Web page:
Report from the Field – Craig West

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25 thoughts on “Report from the Field – Craig West”

  1. My favorite sentence in this paragraph is:
    …I’m really seeing that language learning and language ability is all about imagination and creativity….
    It’s a strong argument against word lists and in favor the the non-targeted piece.

  2. Craig said:
    …the only thing I can really do with these guys is just to give them an activity to do each day, and give them the opportunity to either pass or fail it….
    Craig, when you say they can “fail” in an activity, what does that look like?

      1. Craig! I am living through the same thing right now. Don’t know if it’s creativity but so few of my students will even complete work at school, and they attack when asked directly to do work. I’m developing a little repertoire of survival strategies and am eager to know yours! Please shoot me an email and my heart goes out to you. They are very lucky to have you.

        1. Meg I am working on a new way of looking at classroom management and surviving the kinds of nightmare worlds you and Craig teach in. I haven’t had time to write it up yet and it still is sitting here in my mind. It looks at how I interact with myself first and only once I have done that work does it reach out and have its effect on the students.
          It’s meditative and internal work. The main concept is that I have to get to know myself and my expectations with them, to define those before I act, before the school year even starts. Hard to explain. One thing it involves is that I won’t be obsequious with them but neither will I force them to do work. Can’t wait to write it up. It’s different.

        2. Craig and Meg I feel this pain too. As much as I try to keep the relationship at the forefront, I struggle so much with all the converging dramas. It is truly overwhelming. Today was one of those days where I wondered why I was even trying to have a class. There was literally an interruption of some sort about every 1-3 mins. all day long. Between kids wandering in late, leaving for guidance, being dismissed, phone calls from the office, insubordinate defiance, bathroom passes, and of course like Meg mentioned, the direct attacks when asked simply and calmly to complete a task / participate in the way I have defined. Many also attack directly when I try to have a conversation with them.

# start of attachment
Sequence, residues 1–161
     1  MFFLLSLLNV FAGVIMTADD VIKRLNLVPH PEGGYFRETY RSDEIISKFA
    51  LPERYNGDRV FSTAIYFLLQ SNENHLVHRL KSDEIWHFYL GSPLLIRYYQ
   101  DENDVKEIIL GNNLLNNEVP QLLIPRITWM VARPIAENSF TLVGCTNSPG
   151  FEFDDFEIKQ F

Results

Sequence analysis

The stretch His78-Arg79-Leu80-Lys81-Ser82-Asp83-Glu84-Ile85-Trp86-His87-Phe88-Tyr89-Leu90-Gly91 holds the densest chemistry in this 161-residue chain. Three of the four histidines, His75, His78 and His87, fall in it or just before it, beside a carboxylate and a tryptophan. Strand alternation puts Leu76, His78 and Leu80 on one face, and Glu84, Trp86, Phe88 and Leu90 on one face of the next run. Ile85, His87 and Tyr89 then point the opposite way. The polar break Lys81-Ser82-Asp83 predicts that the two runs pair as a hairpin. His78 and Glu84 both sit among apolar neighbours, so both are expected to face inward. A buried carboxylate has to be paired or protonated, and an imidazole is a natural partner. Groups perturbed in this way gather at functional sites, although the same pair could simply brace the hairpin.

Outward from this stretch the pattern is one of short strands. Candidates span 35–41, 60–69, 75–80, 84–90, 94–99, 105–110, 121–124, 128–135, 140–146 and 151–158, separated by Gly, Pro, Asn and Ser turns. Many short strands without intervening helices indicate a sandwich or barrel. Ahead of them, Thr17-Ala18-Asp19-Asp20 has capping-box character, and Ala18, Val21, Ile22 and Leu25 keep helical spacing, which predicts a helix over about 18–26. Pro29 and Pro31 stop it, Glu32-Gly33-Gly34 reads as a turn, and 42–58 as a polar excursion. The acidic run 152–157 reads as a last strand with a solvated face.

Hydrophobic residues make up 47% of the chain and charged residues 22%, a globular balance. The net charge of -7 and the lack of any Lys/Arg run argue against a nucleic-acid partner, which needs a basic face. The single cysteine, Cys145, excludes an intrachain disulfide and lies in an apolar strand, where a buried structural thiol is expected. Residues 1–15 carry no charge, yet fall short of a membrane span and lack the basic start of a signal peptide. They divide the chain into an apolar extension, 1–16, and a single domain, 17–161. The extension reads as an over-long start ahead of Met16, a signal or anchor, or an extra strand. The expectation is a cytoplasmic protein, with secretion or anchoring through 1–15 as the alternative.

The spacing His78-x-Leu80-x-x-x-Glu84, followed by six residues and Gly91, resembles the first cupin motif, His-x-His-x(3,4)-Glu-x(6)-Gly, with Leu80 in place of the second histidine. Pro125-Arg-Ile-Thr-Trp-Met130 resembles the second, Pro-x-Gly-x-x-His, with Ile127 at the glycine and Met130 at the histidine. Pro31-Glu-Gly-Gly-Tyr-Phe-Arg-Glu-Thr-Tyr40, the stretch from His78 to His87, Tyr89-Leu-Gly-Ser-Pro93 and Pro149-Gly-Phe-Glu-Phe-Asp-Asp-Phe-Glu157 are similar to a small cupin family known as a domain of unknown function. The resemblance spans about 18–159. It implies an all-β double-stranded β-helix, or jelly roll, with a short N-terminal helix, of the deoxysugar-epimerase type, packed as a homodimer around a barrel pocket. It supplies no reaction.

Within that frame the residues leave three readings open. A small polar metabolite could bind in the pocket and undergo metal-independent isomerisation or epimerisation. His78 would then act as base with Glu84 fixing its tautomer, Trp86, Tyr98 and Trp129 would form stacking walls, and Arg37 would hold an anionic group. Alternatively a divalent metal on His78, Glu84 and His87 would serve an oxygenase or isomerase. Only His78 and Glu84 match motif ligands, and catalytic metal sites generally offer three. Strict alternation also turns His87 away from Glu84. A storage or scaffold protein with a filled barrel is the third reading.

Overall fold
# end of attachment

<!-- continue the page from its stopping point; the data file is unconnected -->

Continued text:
I can’t keep up with all the brush fires, deliver input, and do all the documentation I am supposed to be doing constantly in real time, like if I have marked a kid absent then they come in late, I am supposed to go change that immediately in the system. Then stay after to do all the parent communication.
          How do you all handle this? I feel like Sean’s advice to let the attacks dissolve requires such solid grounding in one’s self that I have apparently lost. Of course that is the answer. Build it back. This is indeed deep inner work. Ben, I cannot wait to read this latest angle on classroom management.

          1. Then why do we ask such bonehead classes as you three have – no blame but they sound full of bonehead kids – even do tasks? Why do that? I never did. It’s like trying to reason with a drunk. I just didn’t engage w them, making up fake, very low grades. If they gave minimally I passed them, bc fails make more work for me and it’s all about my own mental well-being.

          2. Jen said:
            …if I have marked a kid absent then they come in late, I am supposed to go change that immediately in the system. Then stay after to do all the parent communication….
            I took roll half way through class as a nice break. If a kid wandered in after the bell when we were doing reading I had that time to give them a zero in the book and mark them tardy. I neglected a lot of parent communication about unexcused absences, preferring to only contact parents of kids who were on the administration’s radar.

          3. If we are in right adjustment to ourselves, we can know when we are being “played” by rude hormone cases. If we can find the right balance between our empathic tendencies (most teachers are empathic to a fault), and if we can find the right aspect of ourselves to be the one to run the classroom (this is the subject of the book), then nobody will dare cross us and do all that b.s. that they do on teachers. Really, the road to excellent classroom management traverses our inner beings, our sense of self, and is not at all an external road of apparent control.